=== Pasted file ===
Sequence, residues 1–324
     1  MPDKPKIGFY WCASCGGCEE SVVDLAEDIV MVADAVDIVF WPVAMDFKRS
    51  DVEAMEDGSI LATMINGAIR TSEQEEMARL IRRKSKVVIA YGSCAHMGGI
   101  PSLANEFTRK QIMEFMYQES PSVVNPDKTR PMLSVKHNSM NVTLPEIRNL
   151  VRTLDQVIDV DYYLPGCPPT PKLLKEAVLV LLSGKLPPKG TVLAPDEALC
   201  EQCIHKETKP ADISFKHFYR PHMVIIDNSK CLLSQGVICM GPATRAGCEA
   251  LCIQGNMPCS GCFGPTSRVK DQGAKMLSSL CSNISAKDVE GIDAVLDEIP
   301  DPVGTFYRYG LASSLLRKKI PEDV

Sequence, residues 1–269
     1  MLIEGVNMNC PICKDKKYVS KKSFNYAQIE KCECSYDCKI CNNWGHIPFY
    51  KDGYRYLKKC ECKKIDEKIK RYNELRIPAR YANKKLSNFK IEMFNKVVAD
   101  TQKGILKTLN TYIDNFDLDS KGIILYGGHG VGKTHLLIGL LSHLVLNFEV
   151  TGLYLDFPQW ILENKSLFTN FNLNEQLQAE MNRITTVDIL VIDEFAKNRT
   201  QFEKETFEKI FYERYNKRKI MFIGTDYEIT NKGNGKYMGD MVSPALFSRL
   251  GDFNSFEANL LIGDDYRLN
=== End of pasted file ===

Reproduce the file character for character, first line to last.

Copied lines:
Sequence, residues 1–324
     1  MPDKPKIGFY WCASCGGCEE SVVDLAEDIV MVADAVDIVF WPVAMDFKRS
    51  DVEAMEDGSI LATMINGAIR TSEQEEMARL IRRKSKVVIA YGSCAHMGGI
   101  PSLANEFTRK QIMEFMYQES PSVVNPDKTR PMLSVKHNSM NVTLPEIRNL
   151  VRTLDQVIDV DYYLPGCPPT PKLLKEAVLV LLSGKLPPKG TVLAPDEALC
   201  EQCIHKETKP ADISFKHFYR PHMVIIDNSK CLLSQGVICM GPATRAGCEA
   251  LCIQGNMPCS GCFGPTSRVK DQGAKMLSSL CSNISAKDVE GIDAVLDEIP
   301  DPVGTFYRYG LASSLLRKKI PEDV

Sequence, residues 1–269
     1  MLIEGVNMNC PICKDKKYVS KKSFNYAQIE KCECSYDCKI CNNWGHIPFY
    51  KDGYRYLKKC ECKKIDEKIK RYNELRIPAR YANKKLSNFK IEMFNKVVAD
   101  TQKGILKTLN TYIDNFDLDS KGIILYGGHG VGKTHLLIGL LSHLVLNFEV
   151  TGLYLDFPQW ILENKSLFTN FNLNEQLQAE MNRITTVDIL VIDEFAKNRT
   201  QFEKETFEKI FYERYNKRKI MFIGTDYEIT NKGNGKYMGD MVSPALFSRL
   251  GDFNSFEANL LIGDDYRLN